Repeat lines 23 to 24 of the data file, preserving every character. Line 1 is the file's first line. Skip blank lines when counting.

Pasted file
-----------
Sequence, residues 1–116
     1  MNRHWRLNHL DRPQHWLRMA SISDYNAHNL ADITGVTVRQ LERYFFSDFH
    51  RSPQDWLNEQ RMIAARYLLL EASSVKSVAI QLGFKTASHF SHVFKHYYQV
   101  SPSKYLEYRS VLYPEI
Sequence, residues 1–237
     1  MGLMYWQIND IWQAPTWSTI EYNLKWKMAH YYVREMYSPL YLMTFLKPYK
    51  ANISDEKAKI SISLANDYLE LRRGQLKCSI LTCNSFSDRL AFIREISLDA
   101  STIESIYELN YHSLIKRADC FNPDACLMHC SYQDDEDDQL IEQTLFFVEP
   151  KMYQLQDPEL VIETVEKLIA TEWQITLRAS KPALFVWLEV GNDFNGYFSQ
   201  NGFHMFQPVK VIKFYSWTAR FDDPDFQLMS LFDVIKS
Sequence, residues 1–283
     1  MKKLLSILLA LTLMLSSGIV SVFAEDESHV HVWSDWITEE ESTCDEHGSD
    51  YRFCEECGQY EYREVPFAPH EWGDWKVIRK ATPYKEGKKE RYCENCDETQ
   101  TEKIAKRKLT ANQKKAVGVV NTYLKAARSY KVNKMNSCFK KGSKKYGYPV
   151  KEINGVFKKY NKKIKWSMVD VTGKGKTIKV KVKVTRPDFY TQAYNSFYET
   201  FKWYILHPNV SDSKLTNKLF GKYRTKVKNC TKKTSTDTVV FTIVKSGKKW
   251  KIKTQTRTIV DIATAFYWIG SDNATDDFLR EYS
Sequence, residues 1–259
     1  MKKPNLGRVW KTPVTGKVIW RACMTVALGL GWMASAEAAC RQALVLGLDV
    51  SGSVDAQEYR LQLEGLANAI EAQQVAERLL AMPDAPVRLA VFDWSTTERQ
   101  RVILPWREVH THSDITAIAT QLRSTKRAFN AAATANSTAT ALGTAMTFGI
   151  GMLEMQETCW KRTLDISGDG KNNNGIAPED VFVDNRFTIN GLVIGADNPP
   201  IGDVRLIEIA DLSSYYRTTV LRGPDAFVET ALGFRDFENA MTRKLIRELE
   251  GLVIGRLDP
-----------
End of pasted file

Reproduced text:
   201  IGDVRLIEIA DLSSYYRTTV LRGPDAFVET ALGFRDFENA MTRKLIRELE
   251  GLVIGRLDP